Late but…


Invited Guests Include Representatives from the Following:

Third District, Metropolitan Police Department

The Assembly of Petworth

Smokefree DC

United Planning Organization

Monday, October 6, 2003

Mount Sinai Baptist Church

3rd and Q Streets, N.W.

Rooms 1 and 2

7:00 p.m. until 9:00 p.m.

For more information regarding the meeting and/or the Association,

contact J. Berry at (202) 387-8520

Agency Offers Emergency Food Aid

The D.C. Department of Human Services has set up a one-week emergency


stamp program, totaling about $4 million in federal aid, for District

residents who lost food during Hurricane Isabel. Current food stamp

recipients will receive half of their monthly allotment to compensate


food lost during the storm, and those who lost income or had to buy

emergency goods can receive special assistance to purchase food. New

applicants for food stamps will also get one month of benefit


until Oct. 6 at seven service centers run by the Departments’ Income

Maintenance Administration: 508 Kennedy St. NW, 5 N St. NE, 645 H St.


3917 Minnesota Ave. NE; 3851 Alabama Ave. SE; 400 South Capitol St. NW;


2100 Martin Luther King Jr. Ave. SE. The agency’s food stamp customer

service hotline is 202-724-5506.

Public Notice of the 10/7/2003 and 10/21 Meetings of ANC 5C





TELEPHONE: (202) 832-1965/1966


Monthly Forum

Invited guests include representatives from the following:

Metropolitan Police Department

Office of the People’s Counsel

Missionary Oblates of Mary Immaculate

re. a building that they plan to demolish and reconstruct on their


Where: Archbishop Carroll High


4300 Harewood Road, N. E.


When: Tuesday, October 7, 2003

Time: 7:00 P.M. until 9:00 P.M.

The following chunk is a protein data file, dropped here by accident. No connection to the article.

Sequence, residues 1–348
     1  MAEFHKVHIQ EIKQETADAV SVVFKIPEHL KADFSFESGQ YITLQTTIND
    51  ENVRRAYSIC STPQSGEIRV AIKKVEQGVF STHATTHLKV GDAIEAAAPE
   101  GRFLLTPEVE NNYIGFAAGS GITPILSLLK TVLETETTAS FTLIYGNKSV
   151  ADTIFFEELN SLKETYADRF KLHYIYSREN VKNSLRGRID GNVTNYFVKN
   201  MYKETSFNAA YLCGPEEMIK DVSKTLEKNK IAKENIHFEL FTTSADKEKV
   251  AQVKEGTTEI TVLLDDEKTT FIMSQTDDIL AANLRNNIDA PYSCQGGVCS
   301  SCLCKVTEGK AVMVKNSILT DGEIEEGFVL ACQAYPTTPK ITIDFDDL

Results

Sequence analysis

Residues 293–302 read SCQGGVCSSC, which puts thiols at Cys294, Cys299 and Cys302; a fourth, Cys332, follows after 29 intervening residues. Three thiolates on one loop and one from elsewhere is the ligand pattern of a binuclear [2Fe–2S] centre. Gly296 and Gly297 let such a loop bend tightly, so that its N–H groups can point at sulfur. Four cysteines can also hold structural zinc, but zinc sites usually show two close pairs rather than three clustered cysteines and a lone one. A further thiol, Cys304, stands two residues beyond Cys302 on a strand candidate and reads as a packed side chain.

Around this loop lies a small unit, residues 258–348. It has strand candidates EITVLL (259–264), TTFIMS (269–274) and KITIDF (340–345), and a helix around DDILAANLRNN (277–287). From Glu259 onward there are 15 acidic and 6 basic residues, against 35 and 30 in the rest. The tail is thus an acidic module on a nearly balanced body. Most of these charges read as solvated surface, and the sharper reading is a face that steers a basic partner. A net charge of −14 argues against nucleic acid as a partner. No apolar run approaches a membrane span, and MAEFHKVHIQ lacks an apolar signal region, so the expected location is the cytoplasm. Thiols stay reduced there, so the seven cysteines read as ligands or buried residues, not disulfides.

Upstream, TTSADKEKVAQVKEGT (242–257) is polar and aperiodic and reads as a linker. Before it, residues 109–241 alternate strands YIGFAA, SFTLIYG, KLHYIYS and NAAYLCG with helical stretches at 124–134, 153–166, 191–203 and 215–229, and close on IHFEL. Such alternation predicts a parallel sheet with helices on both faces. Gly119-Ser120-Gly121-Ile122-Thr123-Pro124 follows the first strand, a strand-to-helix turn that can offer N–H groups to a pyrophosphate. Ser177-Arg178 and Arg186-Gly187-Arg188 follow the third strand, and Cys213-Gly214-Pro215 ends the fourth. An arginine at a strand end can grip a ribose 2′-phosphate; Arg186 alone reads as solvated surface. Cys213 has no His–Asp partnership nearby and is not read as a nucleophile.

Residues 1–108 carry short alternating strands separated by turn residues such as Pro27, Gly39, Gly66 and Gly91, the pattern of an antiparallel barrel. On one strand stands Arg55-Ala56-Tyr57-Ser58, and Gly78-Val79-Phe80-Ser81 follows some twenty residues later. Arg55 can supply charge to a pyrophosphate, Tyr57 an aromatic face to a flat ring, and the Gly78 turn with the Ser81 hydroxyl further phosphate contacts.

Monthly Meeting

Where: Paul Laurence Dunbar High


1301 New Jersey Avenue, N.W.

When: Tuesday, October 21, 2003

Time: 7:00 P.M. until 9:00 P.M.


Gentrification and Me issue 2

Home sick today so updating things between things.

Dealing with Neighborhood Change: A Primer on Gentrification and Policy Choices

This is a Brookings Institute report in PDF file format that attempts to take a neutral stance on gentrification by just defining it, looking at what causes it, identifying stakeholders and possible solutions in trying to create equitable development. It’s about 80 pages so it is long. Washington, DC among other cities experiencing the change in demographics in particular neighborhoods are covered. DC and DC neighborhoods in particular, are covered in pages 54-60. They conclude that the causes for gentrification in DC are varied. Columbia Heights is given special attention. The footnotes and bibliography and all the facts packed into the report make it a good resource for anyone on either side of the gentrification arguement.

Chicago Matters: Inside Housing- Town Meetings

Although this is about Chicago, DC residents can feel the Chicago citizens in the town hall meeting in this audio report. As of today, the sponsoring radio station’s audio library is down, but do try again. The focus is Lincoln Square where older residents are being priced out of their neighborhood due to the rising cost of housing.


Not an update on the neighbor who failed to heed my advice. But concerns next door. I think they’ll be renting. My gut tells me the owner is in slumlord mode, so I won’t expect any high quality tenants. Regardless if they are high quality, or not, there are things that need to be done, that I wouldn’t expect any renter to do. For example, the bricks over the window look as if they are on the verge of falling out. A minor problem, which I can remedy. The owner had the house painted a color close to mine, before it had been a dark shade of purple red. Before the color of my house jumped out as it was a light house between two dark colored houses. Now, at night the colors blend together. That pissed me off. I took a good amount of thought in picking out the color. The last problem, which actually isn’t my problem as it is the other neighbor’s problem, overgrown weed trees.

Before I thought they were going to sell. But rumor had it he wanted $300K for the house. The house is not going to sell for $300K. The house with the basement and the big backyard on our block sold for $300K. This house has no basement and there’s a poor job done on the roof and he wasn’t going to put any top of the line appliances in. Although they did a decent job inside the house, it doesn’t look like a $300K house. Maybe a $220-$250K but not $300K. Heck the house across the street was listed at $400K and that DEFINITELY was not worth that much. Sunny worked on the house first. G-d in heaven only knows what mistakes still lurk in the walls, despite the other people brought in after him.